Mervyn King blames “a collective lack of imagination”. We, all of us, failed to see the iceberg. We are, apparently, collectively blameworthy. The only problem is that most of us were in the engine room shovelling coal. Mervyn King was one of the people on the bridge. More than that, since one of the BoE’s core purposes and strategic priorities is to “maintain stability and improve the resilience of the financial system”, he was specifically in charge of the looking-out-for-icebergs department.

In those circumstances, it is adding insult to injury for him to shout back from his peerage lifeboat to the rest of us, now drowning in a freezing sea of debt and austerity, “well, you didn’t see the iceberg either”. Why wouldn’t we want to keep this sort of expert, constructive and visionary input a part of our legislature for the rest of his natural life? Happy retirement, Sir Mervyn. We look forward to being blamed for future shipwrecks.

Sir Mervyn King gets a life peerage - the pacifier of public life. Photo: Getty

Greek-born, Alex Andreou has a background in law and economics. He runs the Sturdy Beggars Theatre Company and blogs here You can find him on twitter @sturdyalex

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How Theresa May laid a trap for herself on the immigration target

When Home Secretary, she insisted on keeping foreign students in the figures – causing a headache for herself today.

When Home Secretary, Theresa May insisted that foreign students should continue to be counted in the overall immigration figures. Some cabinet colleagues, including then Business Secretary Vince Cable and Chancellor George Osborne wanted to reverse this. It was economically illiterate. Current ministers, like the Foreign Secretary Boris Johnson, Chancellor Philip Hammond and Home Secretary Amber Rudd, also want foreign students exempted from the total.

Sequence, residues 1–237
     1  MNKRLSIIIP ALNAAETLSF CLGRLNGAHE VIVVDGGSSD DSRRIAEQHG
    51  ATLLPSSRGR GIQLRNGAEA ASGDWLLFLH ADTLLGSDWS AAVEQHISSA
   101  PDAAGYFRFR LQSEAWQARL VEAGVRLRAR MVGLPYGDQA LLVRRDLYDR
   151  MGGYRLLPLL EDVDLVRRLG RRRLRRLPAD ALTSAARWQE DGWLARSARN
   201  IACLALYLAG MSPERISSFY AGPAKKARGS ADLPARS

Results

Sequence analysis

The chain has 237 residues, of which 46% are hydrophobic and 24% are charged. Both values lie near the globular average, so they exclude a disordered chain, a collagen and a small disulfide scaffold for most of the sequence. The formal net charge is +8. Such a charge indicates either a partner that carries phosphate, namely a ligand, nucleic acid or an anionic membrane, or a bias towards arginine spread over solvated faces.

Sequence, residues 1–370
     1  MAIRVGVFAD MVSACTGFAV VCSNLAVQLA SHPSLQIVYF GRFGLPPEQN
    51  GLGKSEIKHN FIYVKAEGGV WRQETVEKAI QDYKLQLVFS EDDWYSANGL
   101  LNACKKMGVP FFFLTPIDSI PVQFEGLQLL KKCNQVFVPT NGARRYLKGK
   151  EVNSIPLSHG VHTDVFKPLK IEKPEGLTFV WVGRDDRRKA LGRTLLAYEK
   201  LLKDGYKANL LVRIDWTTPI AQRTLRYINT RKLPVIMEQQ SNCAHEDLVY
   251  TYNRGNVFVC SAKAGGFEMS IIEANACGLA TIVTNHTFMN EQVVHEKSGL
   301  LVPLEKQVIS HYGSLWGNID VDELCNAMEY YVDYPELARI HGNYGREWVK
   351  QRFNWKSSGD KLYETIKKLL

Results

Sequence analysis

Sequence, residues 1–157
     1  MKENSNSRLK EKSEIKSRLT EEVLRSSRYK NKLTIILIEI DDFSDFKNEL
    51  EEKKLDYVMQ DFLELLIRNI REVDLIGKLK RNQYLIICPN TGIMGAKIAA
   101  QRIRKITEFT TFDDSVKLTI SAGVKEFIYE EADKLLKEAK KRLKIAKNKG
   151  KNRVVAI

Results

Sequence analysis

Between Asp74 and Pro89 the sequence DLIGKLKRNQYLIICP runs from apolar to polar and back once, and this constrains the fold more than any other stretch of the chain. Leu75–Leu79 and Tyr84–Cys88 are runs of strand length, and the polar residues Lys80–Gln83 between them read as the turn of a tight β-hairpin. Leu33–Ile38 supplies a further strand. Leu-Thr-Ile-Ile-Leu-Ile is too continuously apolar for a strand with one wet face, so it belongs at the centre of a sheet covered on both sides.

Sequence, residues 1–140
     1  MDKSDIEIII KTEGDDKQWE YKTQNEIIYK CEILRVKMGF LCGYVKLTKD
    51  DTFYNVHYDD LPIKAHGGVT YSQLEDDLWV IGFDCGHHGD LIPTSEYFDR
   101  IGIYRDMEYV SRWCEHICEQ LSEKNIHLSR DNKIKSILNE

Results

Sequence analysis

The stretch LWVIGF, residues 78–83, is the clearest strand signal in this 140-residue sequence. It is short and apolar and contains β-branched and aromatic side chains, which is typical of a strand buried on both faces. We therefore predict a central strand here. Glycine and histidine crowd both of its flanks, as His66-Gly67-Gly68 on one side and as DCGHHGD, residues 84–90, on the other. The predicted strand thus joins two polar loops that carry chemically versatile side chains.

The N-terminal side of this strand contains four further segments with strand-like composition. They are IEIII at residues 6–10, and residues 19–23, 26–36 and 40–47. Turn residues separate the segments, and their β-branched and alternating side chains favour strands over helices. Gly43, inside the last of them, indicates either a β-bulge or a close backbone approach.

David Cameron’s government aimed to cut immigration figures – including overseas students in that aim meant trying to limit one of the UK’s crucial financial resources. They are worth £25bn to the UK economy, and their fees make up 14 per cent of total university income. And the impact is not just financial – welcoming foreign students is diplomatically and culturally key to Britain’s reputation and its relationship with the rest of the world too. Even more important now Brexit is on its way.

But they stayed in the figures – a situation that, along with counterproductive visa restrictions also introduced by May’s old department, put a lot of foreign students off studying here. For example, there has been a 44 per cent decrease in the number of Indian students coming to Britain to study in the last five years.

Now May’s stubbornness on the migration figures appears to have caught up with her. The Times has revealed that the Prime Minister is ready to “soften her longstanding opposition to taking foreign students out of immigration totals”. It reports that she will offer to change the way the numbers are calculated.

Why the u-turn? No 10 says the concession is to ensure the Higher and Research Bill, key university legislation, can pass due to a Lords amendment urging the government not to count students as “long-term migrants” for “public policy purposes”.

But it will also be a factor in May’s manifesto pledge (and continuation of Cameron’s promise) to cut immigration to the “tens of thousands”. Until today, ministers had been unclear about whether this would be in the manifesto.

Now her u-turn on student figures is being seized upon by opposition parties as “massaging” the migration figures to meet her target. An accusation for which May only has herself, and her steadfast politicising of immigration, to blame.

Anoosh Chakelian is senior writer at the New Statesman.